Steinitz doesn't confirm or deny Syria strike, says election politics not consideration

Steinitz reiterated that Israel has a policy of preventing “game-changing” and ultra-sophisticated weaponry from falling into the hands of terrorists.

IAF F-16 fighter jet (photo credit: IDF SPOKESMAN'S OFFICE)
IAF F-16 fighter jet
(photo credit: IDF SPOKESMAN'S OFFICE)
Israel continued to stay mum on Monday regarding aerial attacks in Syria the day before, even as Russia asked for explanations from Jerusalem, and Syria asked UN Secretary- General Ban Ki-moon and the Security Council to clamp sanctions on the Jewish state.
While Jerusalem refused to confirm or deny responsibility for the air strikes, Intelligence Minister Yuval Steinitz reiterated on Israel Radio that Israel has a policy of preventing “game-changing” and ultra-sophisticated weaponry from falling into the hands of terrorists.
Steinitz was careful to stay clear of addressing Sunday’s attacks near Damascus, even as he dismissed as “absurd” claims from opposition parties that the attacks were approved by Prime Minister Benjamin Netanyahu for political purposes.
The government is “truly, truly protecting Israel” and is guided in its actions by what is necessary for national security, without making “political connections,” Steinitz said.
Claims to the contrary were an “insult to the intelligence,” he said.
Steinitz carefully stayed away from confirming that the prime minister gave a hint at Sunday’s cabinet meeting of what lay in store that day in Syria. At that meeting, Netanyahu said, “We are closely monitoring the Middle East and what is happening with open eyes and ears – and a lot is happening. We will stay informed and we will deal with these threats and challenges, which are not taking a timeout. We will deal with them with the same responsibility that we have up until now.”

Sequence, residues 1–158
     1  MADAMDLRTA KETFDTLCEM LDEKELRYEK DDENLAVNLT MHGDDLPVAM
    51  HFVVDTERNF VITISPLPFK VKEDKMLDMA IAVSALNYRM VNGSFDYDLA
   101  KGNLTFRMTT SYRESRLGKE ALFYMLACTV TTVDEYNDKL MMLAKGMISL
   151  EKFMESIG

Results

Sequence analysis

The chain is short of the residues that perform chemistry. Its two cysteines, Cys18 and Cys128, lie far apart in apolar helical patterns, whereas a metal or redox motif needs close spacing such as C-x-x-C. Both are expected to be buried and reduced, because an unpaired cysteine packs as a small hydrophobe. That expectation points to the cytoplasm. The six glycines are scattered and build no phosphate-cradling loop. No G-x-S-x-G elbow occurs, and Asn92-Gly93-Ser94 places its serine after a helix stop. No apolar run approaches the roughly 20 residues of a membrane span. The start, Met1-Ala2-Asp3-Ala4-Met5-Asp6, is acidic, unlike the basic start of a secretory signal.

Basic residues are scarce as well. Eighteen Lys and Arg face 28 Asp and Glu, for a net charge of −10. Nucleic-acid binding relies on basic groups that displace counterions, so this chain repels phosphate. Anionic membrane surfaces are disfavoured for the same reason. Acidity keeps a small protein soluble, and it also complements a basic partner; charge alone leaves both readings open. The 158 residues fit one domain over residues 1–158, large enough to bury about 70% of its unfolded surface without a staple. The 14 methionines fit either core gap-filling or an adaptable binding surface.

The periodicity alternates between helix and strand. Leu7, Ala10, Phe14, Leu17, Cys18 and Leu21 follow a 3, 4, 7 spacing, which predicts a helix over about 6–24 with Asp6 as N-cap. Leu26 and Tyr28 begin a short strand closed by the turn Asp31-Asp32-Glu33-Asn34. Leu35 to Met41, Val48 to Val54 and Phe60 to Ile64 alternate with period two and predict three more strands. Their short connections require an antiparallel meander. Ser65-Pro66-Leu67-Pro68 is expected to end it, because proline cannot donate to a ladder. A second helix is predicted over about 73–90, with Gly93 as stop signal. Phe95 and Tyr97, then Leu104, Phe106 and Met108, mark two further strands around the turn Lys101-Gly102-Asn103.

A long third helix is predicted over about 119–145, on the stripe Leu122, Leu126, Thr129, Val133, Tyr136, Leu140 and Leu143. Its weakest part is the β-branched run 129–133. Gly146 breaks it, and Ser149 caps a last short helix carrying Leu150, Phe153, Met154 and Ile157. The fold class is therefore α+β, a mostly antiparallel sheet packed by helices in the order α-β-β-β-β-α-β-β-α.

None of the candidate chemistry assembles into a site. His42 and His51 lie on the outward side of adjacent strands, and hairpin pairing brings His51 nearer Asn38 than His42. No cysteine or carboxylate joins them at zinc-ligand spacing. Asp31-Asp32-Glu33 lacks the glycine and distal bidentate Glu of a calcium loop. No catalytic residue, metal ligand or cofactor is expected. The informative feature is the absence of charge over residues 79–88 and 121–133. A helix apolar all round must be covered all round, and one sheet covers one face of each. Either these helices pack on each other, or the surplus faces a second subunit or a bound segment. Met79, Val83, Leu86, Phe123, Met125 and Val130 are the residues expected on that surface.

The Syrian Foreign Ministry on Monday threatened to ask the UN Security Council to punish Israel.
“The Syrian government called for imposing deterring sanctions on Israel, which did not hide its policy in supporting terrorism, calling also on taking all procedures, in accordance with the UN Charter, to prevent Israel from repeating such attacks,” the ministry said in a letter sent to both the Security Council and the secretary-general as cited by the Syrian outlet SANA on Sunday.
Moscow – one of Syrian President Bashar Assad’s primary backers – sent a letter to Ban decrying “Israeli aggression.”
“Moscow is gravely concerned about this dangerous turn of events, the circumstances of which require explanations,” the Russian Foreign Ministry said in the statement. “In any case, there is no doubt that the use of force in international affairs is unacceptable and deserves to be condemned.”
The statement went on to say that it is “important not to allow further destabilization of the already tense situation in Syria and the Middle East region as a whole.”
Farhan Haq, associate spokesman for the UN secretary- general, told The Jerusalem Post on Monday afternoon there had not yet been a formal receipt of any letter from either Russia or Syria.
The president of the UN Security Council for December, Chad’s Ambassador Mahamt Zene Cherif, could not be reached for comment.
The alleged targets were in and around the Dimas Air Base and the Damascus International Airport.
Stepháne Dujarric, the spokesman for the secretary- general, told reporters on Monday that the UN Disengagement Observer Force in the Golan had observed six aircraft flying at high altitude on the Alpha [western] side [of the buffer zone] at 4:27 p.m. on Sunday. Two aircraft broke off and flew northeast on the Bravo [eastern] side. Dujarric said that any crossing of the line of separation is a breach of the cease-fire agreement.
“We are obviously not in a position to determine who is responsible for what happened,” Dujarric said. “What I can tell you is our colleagues in UNDOF in the Golan did observe some activities.”
Dujarric also followed up on a recent report issued by UNDOF that IDF soldiers had been seen variously collaborating with people believed to be Syrian rebels.
“If you read the observations [in the report] you can see how he [Ban] underscores his grave concern, and calls on parties who have influence on the groups involved to bear that influence so they cease these activities,” Dujarric said. “The secretary-general also condemns violations of the cease-fire by all parties.”
The United States would neither confirm nor deny that Israel struck Syrian government facilities outside Damascus over the weekend.
State Department spokeswoman Jen Psaki said she had seen the reports but declined to comment on the development.
Meanwhile, the Security Council is awaiting the delivery of a rumored draft resolution, to be presented by the Jordanian mission on behalf of the “Observer State of Palestine,” to demand a timeline for Israeli withdrawal from the West Bank.
Michael Wilner in Washington contributed to this report.